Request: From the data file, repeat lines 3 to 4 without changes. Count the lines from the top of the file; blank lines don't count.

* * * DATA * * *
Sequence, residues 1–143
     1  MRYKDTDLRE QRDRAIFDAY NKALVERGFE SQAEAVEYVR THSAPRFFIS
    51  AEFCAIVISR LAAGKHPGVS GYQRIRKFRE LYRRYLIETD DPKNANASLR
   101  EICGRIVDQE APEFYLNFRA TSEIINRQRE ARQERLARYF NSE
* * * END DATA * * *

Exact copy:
    51  AEFCAIVISR LAAGKHPGVS GYQRIRKFRE LYRRYLIETD DPKNANASLR
   101  EICGRIVDQE APEFYLNFRA TSEIINRQRE ARQERLARYF NSE